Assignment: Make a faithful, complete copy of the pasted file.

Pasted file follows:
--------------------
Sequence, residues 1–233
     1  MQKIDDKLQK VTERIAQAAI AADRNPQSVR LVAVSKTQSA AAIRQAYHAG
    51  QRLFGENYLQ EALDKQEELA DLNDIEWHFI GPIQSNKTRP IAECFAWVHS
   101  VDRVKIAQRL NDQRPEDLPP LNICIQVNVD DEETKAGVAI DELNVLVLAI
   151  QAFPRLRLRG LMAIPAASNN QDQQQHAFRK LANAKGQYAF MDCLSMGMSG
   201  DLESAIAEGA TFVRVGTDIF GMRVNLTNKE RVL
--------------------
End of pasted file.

Sequence, residues 1–233
     1  MQKIDDKLQK VTERIAQAAI AADRNPQSVR LVAVSKTQSA AAIRQAYHAG
    51  QRLFGENYLQ EALDKQEELA DLNDIEWHFI GPIQSNKTRP IAECFAWVHS
   101  VDRVKIAQRL NDQRPEDLPP LNICIQVNVD DEETKAGVAI DELNVLVLAI
   151  QAFPRLRLRG LMAIPAASNN QDQQQHAFRK LANAKGQYAF MDCLSMGMSG
   201  DLESAIAEGA TFVRVGTDIF GMRVNLTNKE RVL